GUEST BLOG: Ben Morgan – Pacific Intelligence Update


A simple explanation of this week’s military and political developments in the Pacific

Kevin Rudd’s warning for the Pacific 

Kevin Rudd, ex-Prime Minister of Australia and now ambassador to the United States sounded a warning about Sino-American competition last week.  Speaking with Australian Broadcasting Corporation, Rudd who speaks Mandarin and has studied China extensively spoke about the risk of the region falling into war by accident. 

He told the interviewer that “The overall state of the United States-China relationship is in bad strategic repair” and that because Australia was an ally of United States and trading partner of China it has a role to play encouraging improvement in the relationship stating Australia needs “… to encourage both Beijing and Washington to move in the direction of a new strategic framework of managed strategic competition.”

Rudd’s comments are important, Australia is a key voice in the Pacific region and must use that position judiciously to help manage the Sino-American relationship because nobody wants a large war in the Pacific; and the only way to prevent escalation towards one is careful diplomacy backed by military preparedness and deterrence. Australia plays a key role in both.

United States plans to increase foreign aid in Micronesia 

The White House recently stated that it plans for the United States to spend an extra $ 7.1 billion in Micronesia, Palau and the Marshall Islands.  Further, that this money is part of a strategy to compete against Chinese influence in the region.  

The proposed increase in support for coincides with outgoing President of the Federated States of Micronesia, David Paneulo publicly criticising China’s activities in the region.  He stated that the Chinese had threatened him personally and were actively working to de-stabilise Micronesia.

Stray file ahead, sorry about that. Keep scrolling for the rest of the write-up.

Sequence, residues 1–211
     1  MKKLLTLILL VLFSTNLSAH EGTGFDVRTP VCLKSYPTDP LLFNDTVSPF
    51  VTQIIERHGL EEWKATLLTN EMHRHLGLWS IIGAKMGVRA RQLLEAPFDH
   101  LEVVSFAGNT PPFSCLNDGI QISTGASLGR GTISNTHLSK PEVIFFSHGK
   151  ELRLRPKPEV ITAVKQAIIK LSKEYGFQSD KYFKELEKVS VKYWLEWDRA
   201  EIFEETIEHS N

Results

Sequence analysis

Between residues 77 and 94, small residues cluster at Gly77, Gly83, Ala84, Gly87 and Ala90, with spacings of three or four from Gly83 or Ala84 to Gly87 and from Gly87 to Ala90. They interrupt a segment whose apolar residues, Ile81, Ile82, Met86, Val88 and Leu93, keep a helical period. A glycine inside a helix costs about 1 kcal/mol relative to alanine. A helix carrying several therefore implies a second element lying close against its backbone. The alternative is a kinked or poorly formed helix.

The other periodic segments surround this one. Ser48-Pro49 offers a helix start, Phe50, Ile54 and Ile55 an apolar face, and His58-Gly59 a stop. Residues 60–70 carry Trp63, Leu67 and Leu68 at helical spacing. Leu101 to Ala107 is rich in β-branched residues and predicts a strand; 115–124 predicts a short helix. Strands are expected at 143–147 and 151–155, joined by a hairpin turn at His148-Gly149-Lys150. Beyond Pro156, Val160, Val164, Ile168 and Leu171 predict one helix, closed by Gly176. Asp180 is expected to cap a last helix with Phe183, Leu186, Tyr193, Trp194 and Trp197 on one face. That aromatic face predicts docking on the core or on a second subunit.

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This situation has multiple political layers to ‘unpick’ because although China and the United States are competing for influence in the area; and will invest money to improve relationships there is another political layer that anybody interested in Pacific security needs to consider; that the smaller states in the Pacific have very limited resources and foreign aid is a key income source. This situation financially incentivises scaremongering and playing sides off against each other, and as tensions in the region increase this type of behaviour contributes to the risk of accidental conflict.  

This may not be Panuelo’s game but it is interesting that his statement was made at the same time the White House was negotiating the increase in funding, a point noted by Robert Underwood retired delegate for Guam in the United States House of Representatives.  Underwood is an expert on Micronesia and did not discount Panuelo’s concerns stating that “There is a secessionist movement; there is a Yap independence movement, there is the Pohnpei independence movement and it is rumoured that some of it has been fed by Chinese agents” , however he suggested taking a balanced approach to discussions reminding people that a large United States aid package will change “the tenor of the conversation about China” and suggesting that the situation needs to be managed carefully.  

The key point is that Sino-American competition is real; and must be managed responsibly to avoid the risk of the region slipping accidently into war. This is a reason that encouraging good governance in smaller Pacific states is so important, without good governance there is more corruption and secrecy in government undermining trust and confidence that in turn makes statecraft more difficult. 

Australia buys Tomahawk cruise missiles

Australia plans to purchase 220 Tomahawk cruise missiles from the United States.  The $ 895 million deal started in 2021 and has recently been approved by the State Department and now only requires Congressional approval.